[Éditorial de Louise-Maude Rioux Soucy] Go to table

In the spring of 2020, driven by a pandemic that took the whole world by surprise, food insecurity jumped to 26% in Quebec, to gradually drop to 16% the following year. The backlash will have been short-lived. Inflation quickly swelled the wave. And while no one has escaped the spectacular 11% increase in the grocery basket in 2022, it is the most vulnerable who pay the highest price.

The mind-blowing cost of our shopping cart is the subject of a Competition Bureau study on the profits of grocery store chains. So much the better, we would not want to discover the turkeys of the farce. In the immediate future, the Legault government may boast of its questionable anti-inflation shield, it is an anti-hunger shield that one in four Quebecers who are suffering from food insecurity dream of, according to the INSPQ. With an expected 5 to 7% increase in food prices in 2023, the number of hungry bellies will increase further, a nonsense in a privileged society like ours.

In the field where donations are scarce, food banks are facing the unprecedented. Fridges and shelves are emptying faster than the growing clientele, which takes on new features. Accustomed to improvised miracles, they lengthen the soup by offering baskets that are less full and less varied. But that is no longer enough, despite special aid of $9.6 million from Ottawa at the start of the year. Not seeing him begins to look like a refusal of assistance.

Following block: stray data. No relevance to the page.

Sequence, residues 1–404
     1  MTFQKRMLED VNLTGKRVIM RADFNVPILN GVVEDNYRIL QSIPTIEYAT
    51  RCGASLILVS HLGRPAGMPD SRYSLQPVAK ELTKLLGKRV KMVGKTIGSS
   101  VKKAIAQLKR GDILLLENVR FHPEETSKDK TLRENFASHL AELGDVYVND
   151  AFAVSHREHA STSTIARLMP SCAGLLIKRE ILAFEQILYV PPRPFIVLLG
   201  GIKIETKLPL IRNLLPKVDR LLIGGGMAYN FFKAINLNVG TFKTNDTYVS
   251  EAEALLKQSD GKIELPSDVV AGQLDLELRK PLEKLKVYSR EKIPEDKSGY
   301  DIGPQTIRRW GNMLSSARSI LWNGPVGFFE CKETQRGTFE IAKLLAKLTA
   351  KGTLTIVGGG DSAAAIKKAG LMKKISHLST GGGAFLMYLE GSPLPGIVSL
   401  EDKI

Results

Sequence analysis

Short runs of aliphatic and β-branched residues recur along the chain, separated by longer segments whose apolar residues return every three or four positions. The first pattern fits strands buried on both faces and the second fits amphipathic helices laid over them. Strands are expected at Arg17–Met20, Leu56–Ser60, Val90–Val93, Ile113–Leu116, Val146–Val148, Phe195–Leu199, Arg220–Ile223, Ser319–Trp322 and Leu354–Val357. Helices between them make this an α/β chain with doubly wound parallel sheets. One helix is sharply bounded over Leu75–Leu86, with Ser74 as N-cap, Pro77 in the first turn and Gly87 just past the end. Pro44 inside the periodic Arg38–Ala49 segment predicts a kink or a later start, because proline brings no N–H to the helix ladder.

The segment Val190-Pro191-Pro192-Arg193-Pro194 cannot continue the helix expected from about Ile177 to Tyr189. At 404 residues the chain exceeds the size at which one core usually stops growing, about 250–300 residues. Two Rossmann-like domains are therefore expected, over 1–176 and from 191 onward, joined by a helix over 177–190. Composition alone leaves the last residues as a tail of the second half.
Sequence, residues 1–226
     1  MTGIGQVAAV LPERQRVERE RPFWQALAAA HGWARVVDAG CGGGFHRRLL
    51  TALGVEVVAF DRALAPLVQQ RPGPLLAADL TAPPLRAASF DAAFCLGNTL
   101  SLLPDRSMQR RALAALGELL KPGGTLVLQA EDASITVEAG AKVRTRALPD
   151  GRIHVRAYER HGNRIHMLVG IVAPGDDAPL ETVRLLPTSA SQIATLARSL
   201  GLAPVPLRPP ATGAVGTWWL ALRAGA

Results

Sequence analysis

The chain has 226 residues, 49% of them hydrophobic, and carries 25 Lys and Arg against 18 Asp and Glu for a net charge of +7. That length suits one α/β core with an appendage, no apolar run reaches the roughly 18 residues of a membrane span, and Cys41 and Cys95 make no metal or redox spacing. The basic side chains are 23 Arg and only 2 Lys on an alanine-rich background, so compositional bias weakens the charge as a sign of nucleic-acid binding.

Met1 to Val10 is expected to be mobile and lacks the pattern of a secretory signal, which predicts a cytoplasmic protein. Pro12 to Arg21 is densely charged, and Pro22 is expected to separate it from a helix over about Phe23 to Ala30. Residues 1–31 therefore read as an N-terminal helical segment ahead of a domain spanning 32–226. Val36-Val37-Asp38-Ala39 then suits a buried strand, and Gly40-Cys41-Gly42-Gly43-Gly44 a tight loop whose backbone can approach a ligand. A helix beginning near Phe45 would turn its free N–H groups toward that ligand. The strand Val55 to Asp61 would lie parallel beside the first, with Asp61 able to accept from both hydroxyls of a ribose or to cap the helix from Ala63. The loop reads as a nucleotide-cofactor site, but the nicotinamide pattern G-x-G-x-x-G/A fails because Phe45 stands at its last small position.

Solicited from all sides, the Legault government last week rejected a Liberal motion asking it to offer emergency financial assistance to these essential organizations. It is true that one-off aid (like the famous almost universal CAQ checks expected these days) is only a band-aid on a gaping wound. But hunger does not wait. Rendered to these extremes, it even justifies draconian means, to divert the proverb.

Food security goes hand in hand with the solidity of the social safety net, the quality of employment and the cost of living. This is where you have to act for lasting effects. Some countries have adopted a universal school feeding programme, others have regulated the price of certain basic products or favored the local production of other products. All of this has to be assessed if we want to lighten the share to be given to our daily bread. But for that, everyone will have to go to (the same) table.

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